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Shoppach to the Rays

Posted By Dave Cameron On December 1, 2009 @ 4:56 pm In Daily Graphings | 26 Comments

After getting a putrid .274 wOBA from the catcher position in 2009 (thanks Navi!), the Rays picked up Kelly Shoppach from the Indians today in exchange for the ubiquitous player to be named later. As an arbitration-eligible 30-year-old coming off a mediocre season, and with hot catching prospect Carlos Santana nearly major league ready, the Indians weren’t overly attached to Shoppach, so the price in talent was right for the Rays.

What will Shoppach offer the Rays? Significantly more power than you expect from a catcher, for certain. Shoppach has a career ISO of .208, lining him up with players such as Nick Swisher and David Wright. The ability to drive a fastball is what got him to the big leagues, but it comes with a flaw – Shoppach is an all-or-nothing hitter who strikes out an awful lot.

His career K% of 37.3% puts him in the company of notable whiffers such as Mark Reynolds and Jack Cust. Given how often he misses when he swings, low batting averages are inevitable. It might be tempting to look at Shoppach’s career .241 BA and think that last year’s .214 means he’s in for a bounce back, but in reality, last year may represent more of his true talent.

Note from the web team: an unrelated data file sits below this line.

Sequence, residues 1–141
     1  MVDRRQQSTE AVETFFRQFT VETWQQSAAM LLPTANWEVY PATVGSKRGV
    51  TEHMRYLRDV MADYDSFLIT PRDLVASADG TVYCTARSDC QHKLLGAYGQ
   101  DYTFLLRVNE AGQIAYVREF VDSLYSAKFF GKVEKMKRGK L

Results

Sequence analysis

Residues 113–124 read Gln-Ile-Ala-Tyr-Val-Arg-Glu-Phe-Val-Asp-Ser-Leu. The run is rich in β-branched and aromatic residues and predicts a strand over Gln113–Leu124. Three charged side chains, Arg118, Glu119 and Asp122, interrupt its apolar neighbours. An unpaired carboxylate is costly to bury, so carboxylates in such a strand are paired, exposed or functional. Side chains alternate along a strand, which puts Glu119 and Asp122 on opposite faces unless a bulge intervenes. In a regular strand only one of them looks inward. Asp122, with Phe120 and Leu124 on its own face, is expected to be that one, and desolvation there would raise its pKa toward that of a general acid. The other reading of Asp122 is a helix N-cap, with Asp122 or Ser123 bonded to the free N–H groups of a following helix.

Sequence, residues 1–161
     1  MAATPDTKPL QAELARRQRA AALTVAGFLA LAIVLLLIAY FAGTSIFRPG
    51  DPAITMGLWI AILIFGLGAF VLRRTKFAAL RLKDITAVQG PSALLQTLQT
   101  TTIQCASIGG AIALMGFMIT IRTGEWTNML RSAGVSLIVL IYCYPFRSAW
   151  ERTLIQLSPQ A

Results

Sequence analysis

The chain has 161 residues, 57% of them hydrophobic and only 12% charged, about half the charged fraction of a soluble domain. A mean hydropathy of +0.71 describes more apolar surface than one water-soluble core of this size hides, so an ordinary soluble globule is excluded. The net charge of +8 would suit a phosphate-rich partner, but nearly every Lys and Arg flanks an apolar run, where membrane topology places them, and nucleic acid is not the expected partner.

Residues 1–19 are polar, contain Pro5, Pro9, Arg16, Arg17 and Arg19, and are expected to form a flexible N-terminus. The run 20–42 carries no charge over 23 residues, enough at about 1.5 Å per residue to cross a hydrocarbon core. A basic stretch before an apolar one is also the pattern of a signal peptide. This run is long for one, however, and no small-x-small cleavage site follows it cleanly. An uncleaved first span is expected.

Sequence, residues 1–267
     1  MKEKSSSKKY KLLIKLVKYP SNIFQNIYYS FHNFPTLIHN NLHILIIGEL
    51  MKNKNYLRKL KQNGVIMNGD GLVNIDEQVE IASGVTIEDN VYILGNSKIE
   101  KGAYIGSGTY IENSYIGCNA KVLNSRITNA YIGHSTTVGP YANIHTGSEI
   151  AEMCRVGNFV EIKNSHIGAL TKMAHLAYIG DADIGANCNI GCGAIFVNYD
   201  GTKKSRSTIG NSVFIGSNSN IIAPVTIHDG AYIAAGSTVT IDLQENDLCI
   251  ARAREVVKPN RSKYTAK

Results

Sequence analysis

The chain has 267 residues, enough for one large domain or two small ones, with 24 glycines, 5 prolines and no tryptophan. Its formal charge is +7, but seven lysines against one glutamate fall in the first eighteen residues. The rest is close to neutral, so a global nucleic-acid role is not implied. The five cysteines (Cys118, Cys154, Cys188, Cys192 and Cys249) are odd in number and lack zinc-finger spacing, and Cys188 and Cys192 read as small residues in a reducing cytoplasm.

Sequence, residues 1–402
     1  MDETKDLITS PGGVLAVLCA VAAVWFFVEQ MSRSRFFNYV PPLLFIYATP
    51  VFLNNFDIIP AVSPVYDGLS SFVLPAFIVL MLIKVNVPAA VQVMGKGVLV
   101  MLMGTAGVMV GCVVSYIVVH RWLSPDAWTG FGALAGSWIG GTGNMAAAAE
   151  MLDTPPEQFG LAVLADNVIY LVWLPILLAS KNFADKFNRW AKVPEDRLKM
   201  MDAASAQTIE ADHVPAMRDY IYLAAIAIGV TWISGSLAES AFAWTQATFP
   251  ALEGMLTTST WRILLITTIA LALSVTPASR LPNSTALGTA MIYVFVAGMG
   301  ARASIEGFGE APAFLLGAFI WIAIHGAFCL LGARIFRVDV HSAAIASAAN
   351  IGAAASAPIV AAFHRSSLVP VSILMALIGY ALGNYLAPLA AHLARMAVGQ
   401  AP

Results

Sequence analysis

Shoppach’s .257 batting average from 2006 to 2008 was propped by an insanely high .366 batting average on balls in play. It would be one thing if he was a guy who could run well, but as a big slow catcher, that number was just shocking. Not surprisingly, it fell to a more normal (for his speed) .286 BABIP last year, and his average went south with it.

So, Tampa fans shouldn’t expect too much of a bounce in the batting average. He’s a guy who will hit in the low .200s, simply because of his contact issues. But the reward for all this striking out is some serious power and a decent amount of walks, adding up to a better offensive package that you usually get from a catcher. Even with the .214 average a year ago, Shoppach’s wOBA was .329, making him a league average hitter.

Catchers who can hit at a league average rate are pretty valuable. Given his overall production, Shoppach projects as something like a +2 win catcher if given regular playing time. He’s likely to be worth $7 to $9 million next year, and due to his poor 2009 season, he won’t get anything close to that in arbitration. The Rays picked up a nice player at something of a discount, as they have been known to do.

One last note on Shoppach – don’t read too much into his huge L/R splits. He has less than 300 career PA against LHPs and the numbers against them are inflated by that flukey high BABIP. In general, you need some pretty large samples to start making real decisions on whether a guy has abnormally large true talent platoon splits, and we just don’t have that kind of data for Shoppach. It’s much more likely that his numbers against LHPs will regress next year and his platoon split will end up looking fairly normal. Don’t write him off as a part-time player just yet.


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